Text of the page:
The “fool” is one of the most frequently mentioned characters in Proverbs. While we use a single word in English, it comes from a number of words in Hebrew.
This one is the person who has a complete lack of understanding about what’s going on around him or her.
“It is not fitting for a fool to live in luxury,” that is, live in “pleasantness” or “charm.” I’ll suggest the translation “live soft.” This line says fools living in luxury is not “pretty” “beautiful” or “lovely” — it’s “not cool!”
The reason it’s “not cool” is because this “fool” has no understanding of the “luxury” of his or her situation. They can’t appreciate it, use it well or even really enjoy it. The same thing is said about “fools” and “honor” (Proverbs 26:1).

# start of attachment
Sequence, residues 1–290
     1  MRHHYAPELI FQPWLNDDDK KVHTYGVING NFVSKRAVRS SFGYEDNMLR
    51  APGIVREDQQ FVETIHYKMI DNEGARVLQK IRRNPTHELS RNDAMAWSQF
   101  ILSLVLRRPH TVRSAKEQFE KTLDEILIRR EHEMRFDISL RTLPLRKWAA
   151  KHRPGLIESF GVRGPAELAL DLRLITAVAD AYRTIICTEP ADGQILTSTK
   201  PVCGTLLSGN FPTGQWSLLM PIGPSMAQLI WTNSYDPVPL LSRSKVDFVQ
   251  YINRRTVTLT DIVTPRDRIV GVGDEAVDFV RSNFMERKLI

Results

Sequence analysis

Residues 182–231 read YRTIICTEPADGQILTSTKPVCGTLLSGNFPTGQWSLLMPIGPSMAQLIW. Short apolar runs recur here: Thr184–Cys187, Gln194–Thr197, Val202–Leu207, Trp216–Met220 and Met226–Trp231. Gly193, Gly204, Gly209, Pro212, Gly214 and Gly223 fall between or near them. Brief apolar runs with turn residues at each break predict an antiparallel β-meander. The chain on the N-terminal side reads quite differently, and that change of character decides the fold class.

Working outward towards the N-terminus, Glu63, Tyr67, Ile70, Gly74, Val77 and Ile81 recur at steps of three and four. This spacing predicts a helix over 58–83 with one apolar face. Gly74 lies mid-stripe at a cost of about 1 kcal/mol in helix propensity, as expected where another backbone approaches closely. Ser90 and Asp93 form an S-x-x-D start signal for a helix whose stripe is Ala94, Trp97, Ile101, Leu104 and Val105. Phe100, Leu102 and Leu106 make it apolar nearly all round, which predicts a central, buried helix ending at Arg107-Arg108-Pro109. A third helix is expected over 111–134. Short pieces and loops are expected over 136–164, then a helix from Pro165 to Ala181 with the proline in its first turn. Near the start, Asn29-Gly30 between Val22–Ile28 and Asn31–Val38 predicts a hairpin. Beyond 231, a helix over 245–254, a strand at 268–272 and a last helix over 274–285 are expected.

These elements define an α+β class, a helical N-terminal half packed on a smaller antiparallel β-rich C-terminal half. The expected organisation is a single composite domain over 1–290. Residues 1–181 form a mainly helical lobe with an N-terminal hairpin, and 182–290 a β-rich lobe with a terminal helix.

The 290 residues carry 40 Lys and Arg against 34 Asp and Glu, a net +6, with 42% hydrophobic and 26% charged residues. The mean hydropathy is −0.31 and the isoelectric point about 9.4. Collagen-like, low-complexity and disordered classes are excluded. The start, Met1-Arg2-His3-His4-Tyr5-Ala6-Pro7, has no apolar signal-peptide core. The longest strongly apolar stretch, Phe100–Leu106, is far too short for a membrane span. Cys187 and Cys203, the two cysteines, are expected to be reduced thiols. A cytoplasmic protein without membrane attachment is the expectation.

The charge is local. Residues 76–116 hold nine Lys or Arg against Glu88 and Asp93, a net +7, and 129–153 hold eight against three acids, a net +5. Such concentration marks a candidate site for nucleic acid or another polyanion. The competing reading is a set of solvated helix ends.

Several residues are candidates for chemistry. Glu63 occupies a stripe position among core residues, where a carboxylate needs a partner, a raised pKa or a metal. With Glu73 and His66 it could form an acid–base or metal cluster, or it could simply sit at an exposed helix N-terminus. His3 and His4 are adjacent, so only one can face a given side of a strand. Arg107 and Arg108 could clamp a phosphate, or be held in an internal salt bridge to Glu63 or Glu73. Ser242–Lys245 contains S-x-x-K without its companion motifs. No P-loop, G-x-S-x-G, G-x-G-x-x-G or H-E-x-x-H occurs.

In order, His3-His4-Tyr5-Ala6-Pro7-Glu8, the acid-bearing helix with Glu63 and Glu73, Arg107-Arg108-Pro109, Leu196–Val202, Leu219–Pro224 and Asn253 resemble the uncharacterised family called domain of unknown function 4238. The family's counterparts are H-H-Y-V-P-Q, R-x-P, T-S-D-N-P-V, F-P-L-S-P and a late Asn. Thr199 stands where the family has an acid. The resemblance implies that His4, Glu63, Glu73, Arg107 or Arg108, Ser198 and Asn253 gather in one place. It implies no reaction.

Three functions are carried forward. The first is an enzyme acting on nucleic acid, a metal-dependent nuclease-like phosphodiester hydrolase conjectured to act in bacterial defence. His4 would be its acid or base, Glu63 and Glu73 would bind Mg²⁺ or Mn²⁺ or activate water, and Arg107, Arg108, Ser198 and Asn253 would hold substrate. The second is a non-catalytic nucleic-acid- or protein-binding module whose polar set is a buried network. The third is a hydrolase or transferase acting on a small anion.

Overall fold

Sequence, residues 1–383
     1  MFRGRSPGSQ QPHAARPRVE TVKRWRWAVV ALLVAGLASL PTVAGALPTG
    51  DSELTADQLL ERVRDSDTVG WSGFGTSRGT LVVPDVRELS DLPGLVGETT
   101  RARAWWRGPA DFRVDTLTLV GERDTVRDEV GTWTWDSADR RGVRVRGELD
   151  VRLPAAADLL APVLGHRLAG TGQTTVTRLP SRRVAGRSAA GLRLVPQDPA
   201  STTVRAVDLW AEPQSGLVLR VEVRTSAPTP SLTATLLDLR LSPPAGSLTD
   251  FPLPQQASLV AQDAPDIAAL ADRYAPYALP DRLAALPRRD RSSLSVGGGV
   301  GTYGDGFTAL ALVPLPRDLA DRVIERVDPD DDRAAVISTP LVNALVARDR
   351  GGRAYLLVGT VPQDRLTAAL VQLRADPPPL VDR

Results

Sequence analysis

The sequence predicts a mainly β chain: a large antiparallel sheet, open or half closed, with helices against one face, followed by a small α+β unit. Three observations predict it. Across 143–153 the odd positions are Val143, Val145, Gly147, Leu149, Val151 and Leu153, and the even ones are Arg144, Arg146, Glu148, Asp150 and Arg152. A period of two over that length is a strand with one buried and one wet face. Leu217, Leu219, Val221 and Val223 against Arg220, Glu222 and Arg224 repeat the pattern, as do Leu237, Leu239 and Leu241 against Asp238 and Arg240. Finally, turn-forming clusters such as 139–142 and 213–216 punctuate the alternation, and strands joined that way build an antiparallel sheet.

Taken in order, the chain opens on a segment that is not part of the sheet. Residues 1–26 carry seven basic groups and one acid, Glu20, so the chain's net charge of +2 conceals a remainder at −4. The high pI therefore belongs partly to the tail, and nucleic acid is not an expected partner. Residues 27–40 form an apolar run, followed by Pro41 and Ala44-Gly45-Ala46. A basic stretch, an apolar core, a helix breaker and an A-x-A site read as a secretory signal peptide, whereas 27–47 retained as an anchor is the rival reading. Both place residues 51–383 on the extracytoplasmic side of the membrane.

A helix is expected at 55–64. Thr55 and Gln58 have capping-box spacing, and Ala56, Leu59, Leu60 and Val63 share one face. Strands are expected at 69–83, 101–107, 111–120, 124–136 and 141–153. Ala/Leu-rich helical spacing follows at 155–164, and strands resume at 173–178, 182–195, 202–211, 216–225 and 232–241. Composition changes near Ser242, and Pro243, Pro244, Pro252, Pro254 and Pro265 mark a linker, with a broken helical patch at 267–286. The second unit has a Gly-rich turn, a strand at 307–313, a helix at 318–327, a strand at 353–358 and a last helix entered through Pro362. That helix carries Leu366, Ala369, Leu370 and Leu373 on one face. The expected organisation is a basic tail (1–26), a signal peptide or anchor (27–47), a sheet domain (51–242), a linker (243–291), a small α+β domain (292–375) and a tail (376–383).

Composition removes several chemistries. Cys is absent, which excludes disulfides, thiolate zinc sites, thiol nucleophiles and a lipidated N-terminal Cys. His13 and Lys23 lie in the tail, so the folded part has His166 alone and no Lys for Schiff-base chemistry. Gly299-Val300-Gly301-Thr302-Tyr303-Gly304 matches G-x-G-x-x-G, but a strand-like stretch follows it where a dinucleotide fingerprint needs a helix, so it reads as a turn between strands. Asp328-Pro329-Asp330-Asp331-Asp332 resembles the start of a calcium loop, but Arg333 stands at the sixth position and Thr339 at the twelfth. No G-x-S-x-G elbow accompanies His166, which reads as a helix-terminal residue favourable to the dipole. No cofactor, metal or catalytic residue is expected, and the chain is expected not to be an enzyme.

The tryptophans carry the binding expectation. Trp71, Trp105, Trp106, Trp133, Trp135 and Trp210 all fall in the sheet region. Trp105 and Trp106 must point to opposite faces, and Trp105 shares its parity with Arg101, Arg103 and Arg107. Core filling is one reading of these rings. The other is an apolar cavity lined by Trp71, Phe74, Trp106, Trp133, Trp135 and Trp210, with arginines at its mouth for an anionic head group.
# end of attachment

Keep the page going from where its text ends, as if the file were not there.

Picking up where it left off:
In another realm, playwright George Bernard Shaw said something similar, “Youth is wasted on the young!” I sure wish I could have had a mulligan on my younger years!
The second line of this wise saying offers a similar sentiment, “how much worse for a slave to rule over princes.”
Today, in America, we’re sensitized to the concept of “slavery,” and rightly so. But the Hebrew term so translated here stretches in meaning from “bond-slave” (owned by another) to “servant” to “one under authority” to “worshiper.”
Proverbs also says “a prudent servant (same word) will rule (same word) over a disgraceful son and will share the inheritance as one of the family” (17:2). Both sayings note the disaster when one is not capable or adequately prepared to be in charge.
I suppose, for me, the message is — appreciate where we are and what we have today! Also, I should prepare myself for all my God-called possibilities in the future!